Lancelin Island facts for kids
The island occupies an area 8.16 hectares (20 acres) and is situated 600 metres (1,969 ft) from the mainland. The island has a maximum elevation of 27 m (89 ft). It is composed of limestone and is linked to Edwards Island by intertidal and subtidal reef platforms. Both islands are gazetted as A Class nature reserves.
The island has a large beach on the landward side of the island and a smaller beach on the seaward side. The waters off the western side of the island are also a protected area, the Lancelin Island Lagoon Fish Habitat Protection Area, made up of areas of seagrass and reef systems.
Along with Edwards Island it is at the southern end of the Turquoise Coast islands nature reserve group, a chain of 40 islands spread over a distance of 150 kilometres (93 mi).
Origin and history
The island was formed approximately 10,000 years ago after large fluctuations in sea levels caused erosion on large areas of the continental shelf during periods of glaciation. Large parallel sand dunes then formed and hardened into limestone, forming islands, most of which have been separated from the mainland for 6,500 years.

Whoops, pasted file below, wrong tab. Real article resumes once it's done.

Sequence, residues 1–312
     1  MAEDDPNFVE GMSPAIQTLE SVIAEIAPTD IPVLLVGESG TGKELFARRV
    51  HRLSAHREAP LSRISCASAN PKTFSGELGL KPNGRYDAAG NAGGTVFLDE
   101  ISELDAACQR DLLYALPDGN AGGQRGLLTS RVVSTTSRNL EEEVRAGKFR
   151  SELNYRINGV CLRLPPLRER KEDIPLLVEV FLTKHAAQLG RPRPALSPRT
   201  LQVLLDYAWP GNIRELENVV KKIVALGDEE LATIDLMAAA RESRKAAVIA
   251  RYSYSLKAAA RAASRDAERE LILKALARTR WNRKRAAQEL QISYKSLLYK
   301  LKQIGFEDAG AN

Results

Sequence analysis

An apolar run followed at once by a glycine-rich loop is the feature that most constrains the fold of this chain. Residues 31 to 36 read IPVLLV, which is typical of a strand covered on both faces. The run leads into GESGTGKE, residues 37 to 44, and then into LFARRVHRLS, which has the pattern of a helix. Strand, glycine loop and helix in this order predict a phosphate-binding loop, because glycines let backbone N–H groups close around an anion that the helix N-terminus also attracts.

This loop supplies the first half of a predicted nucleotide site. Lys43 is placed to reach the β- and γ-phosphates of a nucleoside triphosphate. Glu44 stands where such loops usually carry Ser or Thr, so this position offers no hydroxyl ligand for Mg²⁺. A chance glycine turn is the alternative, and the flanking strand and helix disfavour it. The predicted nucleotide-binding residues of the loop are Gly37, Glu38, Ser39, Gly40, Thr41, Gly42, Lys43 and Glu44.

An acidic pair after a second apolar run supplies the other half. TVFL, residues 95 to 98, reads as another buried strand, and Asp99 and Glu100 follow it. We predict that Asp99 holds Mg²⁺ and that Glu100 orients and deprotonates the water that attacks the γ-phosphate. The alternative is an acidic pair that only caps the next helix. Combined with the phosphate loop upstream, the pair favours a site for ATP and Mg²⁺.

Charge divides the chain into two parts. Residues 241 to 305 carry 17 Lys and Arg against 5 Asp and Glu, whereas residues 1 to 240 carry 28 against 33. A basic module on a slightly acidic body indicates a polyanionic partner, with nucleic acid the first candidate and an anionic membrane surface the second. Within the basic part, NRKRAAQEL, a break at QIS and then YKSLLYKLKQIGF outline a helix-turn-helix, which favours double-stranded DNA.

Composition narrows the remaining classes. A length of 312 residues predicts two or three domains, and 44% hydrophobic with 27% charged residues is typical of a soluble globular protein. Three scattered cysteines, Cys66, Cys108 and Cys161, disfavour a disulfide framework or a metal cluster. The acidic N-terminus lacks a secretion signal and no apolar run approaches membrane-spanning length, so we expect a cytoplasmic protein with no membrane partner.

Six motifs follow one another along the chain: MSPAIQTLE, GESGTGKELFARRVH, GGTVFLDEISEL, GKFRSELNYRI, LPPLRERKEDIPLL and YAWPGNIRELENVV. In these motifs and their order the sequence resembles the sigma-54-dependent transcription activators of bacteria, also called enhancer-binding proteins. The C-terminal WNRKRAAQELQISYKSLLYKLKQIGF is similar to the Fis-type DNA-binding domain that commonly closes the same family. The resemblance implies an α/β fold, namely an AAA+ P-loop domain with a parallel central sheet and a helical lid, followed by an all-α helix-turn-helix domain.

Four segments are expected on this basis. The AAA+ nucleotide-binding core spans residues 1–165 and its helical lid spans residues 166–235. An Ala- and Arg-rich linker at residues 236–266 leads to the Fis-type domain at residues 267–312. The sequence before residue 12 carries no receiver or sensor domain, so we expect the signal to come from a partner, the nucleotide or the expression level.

The Noongar peoples are the traditional inhabitants of the Lancelin area.
The first European to find and name the island was the French explorer Hamelin in 1801 aboard Naturalist. It was named after the scientific writer, P.J. Lancelin.
During the 1920s the area became popular as a holiday destination, with many shacks appearing on the mainland. During World War II the island was used by the Royal Australian Air Force for bombing practice. The crayfishing industry commenced operations in the area in 1947.
Flora and fauna
The island has a high diversity of plants and supports over 50 plant species. The vegetation is mostly close to the ground and composed mostly of salt-tolerant grasses and shrubs. Sandier places are dominated by a low heath with shallower soils over limestone areas supporting herbfields and grasslands. The nitre bush covers the slopes and plateau of the island. Sea birds are known to inhabit the island with some species using the island as a breeding site. The Lancelin Island skink (Ctenotus lancelini ), a threatened species of lizard, is endemic to and named after the island. Sea lions are known to visit the island but do not use it as a breeding site.
The Lancelin Island Lagoon Fish Habitat Protection Area has had over 200 species of flora and fauna that have been identified within the area.
Lancelin Island Facts for Kids. Kiddle Encyclopedia.